Nathan has missed most of his son's growing up years after bitter and acrimonious custody battles. He runs his own farm, but his status as town pariah for many years has resulted in him living alone, barely seeing anyone, struggling and drowning in a quagmire of financial debt. He has hardly been in touch with his family, whose family farm was run by Cameron. Christmas is coming, Cameron's funeral has to be planned as the police have decided his death merits no investigation, given that Cameron had been troubled for a while, likely committing suicide. Nathan and Xander stay at the family home, with his grieving mother, Uncle Harry, Bub, and Ilse, Cameron's wife, and their two daughters, Lo and Sophie. Nathan, helped by Xander, wants to get to the bottom of Cameron's death, and finds there are secrets and so much he was unaware of. He finds himself sifting through the past, dysfunctional family history, mental health issues and abuse in its many varied forms.

I loved this novel from Harper even more than her others, I think she is developing into an even better writer. She is an expert when it comes to conveying the outback, the deadly scorching heat, the dust storms, the remoteness, how the heat and isolation takes it toll on its inhabitants and its unspoken rules such as you must help anyone in trouble. It has a beauty and a hold on those who know no other home as we can see with Nathan's inner connection with it that outsiders just do not get. Harper's characterisation has you investing in her compelling storytelling and her coverage of the dynamics of family life. Nathan understands the principles underlying the Bright family, don't tell anyone, not even each other and the single ingrained truth, he was on his own. The vastness of the outback and lack of close neighbours means family issues fail to be addressed from external agencies. This is a brilliantly entertaining read revolving around a family drama. I cannot wait to see where Jane Harper goes next as I eagerly anticipate her next book. Many thanks to Little, Brown for an ARC.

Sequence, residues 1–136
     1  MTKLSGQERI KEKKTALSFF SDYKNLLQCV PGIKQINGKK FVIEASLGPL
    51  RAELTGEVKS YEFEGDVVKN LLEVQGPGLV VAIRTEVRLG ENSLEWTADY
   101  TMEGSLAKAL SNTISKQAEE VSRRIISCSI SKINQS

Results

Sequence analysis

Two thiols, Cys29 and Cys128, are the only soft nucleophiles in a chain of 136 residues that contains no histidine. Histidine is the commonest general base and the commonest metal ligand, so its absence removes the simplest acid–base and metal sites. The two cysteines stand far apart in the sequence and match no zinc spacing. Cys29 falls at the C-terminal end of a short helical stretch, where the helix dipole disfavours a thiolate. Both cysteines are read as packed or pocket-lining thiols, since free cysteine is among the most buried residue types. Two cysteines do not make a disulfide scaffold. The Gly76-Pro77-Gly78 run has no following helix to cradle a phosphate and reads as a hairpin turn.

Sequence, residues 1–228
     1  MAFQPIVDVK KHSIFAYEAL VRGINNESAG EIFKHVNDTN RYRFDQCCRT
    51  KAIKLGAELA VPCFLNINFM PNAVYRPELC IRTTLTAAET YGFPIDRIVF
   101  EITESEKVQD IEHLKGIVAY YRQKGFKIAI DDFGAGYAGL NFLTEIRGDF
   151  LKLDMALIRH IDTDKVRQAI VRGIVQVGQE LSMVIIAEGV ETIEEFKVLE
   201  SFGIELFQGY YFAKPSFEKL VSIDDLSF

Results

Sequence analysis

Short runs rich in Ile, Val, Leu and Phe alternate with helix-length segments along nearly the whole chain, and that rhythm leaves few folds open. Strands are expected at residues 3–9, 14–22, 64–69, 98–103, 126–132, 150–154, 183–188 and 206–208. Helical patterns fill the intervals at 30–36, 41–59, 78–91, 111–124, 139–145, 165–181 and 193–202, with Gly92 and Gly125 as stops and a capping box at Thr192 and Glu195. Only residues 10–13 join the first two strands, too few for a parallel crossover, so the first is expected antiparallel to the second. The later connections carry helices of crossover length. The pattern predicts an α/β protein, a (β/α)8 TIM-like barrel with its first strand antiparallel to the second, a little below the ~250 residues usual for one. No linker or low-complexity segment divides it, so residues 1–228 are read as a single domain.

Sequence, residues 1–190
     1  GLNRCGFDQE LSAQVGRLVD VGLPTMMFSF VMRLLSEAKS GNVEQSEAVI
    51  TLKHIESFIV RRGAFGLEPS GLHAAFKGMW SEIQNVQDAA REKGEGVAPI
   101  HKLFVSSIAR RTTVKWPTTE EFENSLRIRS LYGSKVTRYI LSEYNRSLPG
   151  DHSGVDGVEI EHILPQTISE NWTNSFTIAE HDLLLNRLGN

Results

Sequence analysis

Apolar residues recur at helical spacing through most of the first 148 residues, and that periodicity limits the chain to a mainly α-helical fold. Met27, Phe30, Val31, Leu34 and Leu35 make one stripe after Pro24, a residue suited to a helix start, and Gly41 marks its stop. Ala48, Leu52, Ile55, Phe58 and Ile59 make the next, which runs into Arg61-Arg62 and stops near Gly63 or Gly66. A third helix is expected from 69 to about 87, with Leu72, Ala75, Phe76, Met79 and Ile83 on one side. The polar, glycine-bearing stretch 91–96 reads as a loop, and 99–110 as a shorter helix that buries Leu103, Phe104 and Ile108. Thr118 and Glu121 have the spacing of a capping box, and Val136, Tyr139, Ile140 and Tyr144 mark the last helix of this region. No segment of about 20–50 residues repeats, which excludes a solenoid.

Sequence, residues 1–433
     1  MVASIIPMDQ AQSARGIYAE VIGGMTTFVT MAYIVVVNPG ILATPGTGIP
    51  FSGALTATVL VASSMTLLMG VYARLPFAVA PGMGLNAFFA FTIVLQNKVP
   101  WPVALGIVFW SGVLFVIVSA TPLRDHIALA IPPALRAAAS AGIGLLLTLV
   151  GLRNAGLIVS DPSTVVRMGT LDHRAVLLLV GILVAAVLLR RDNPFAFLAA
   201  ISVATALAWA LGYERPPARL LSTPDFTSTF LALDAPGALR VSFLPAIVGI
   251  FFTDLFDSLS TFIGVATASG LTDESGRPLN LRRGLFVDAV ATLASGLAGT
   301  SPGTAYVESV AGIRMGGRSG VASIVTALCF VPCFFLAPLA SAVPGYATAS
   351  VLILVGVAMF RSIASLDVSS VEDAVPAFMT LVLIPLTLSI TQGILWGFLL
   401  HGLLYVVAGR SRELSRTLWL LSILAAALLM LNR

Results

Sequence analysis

Profile Image for Debra .
2,287 reviews35k followers
February 13, 2019

That is the sound of Jane Harper hitting it out of the ball park yet again!! I swear she keeps getting better and better! This is my favorite of her books to date.

The outback in Queensland. The sun is hot and unrelenting. It's a harsh climate which makes it hard to earn a living. Nathan, Cameron and Bub are three brothers trying to make a living in the Outback. Nathan is a divorced lonely man who lives by himself and rarely gets to see his teenage son, Xander. He has been shunned by the town for an incident which happened years ago. He is trying to survive on land which makes it hard to make a living. Cameron is the middle brother, the popular one. He is a married man with two daughters. He is liked and respected in the community. Bub is the youngest and keeps to himself. He feels like the outsider in the family. Not really fitting in, always in his older brothers’ shadows. He has plans for his life and wants to do his own thing.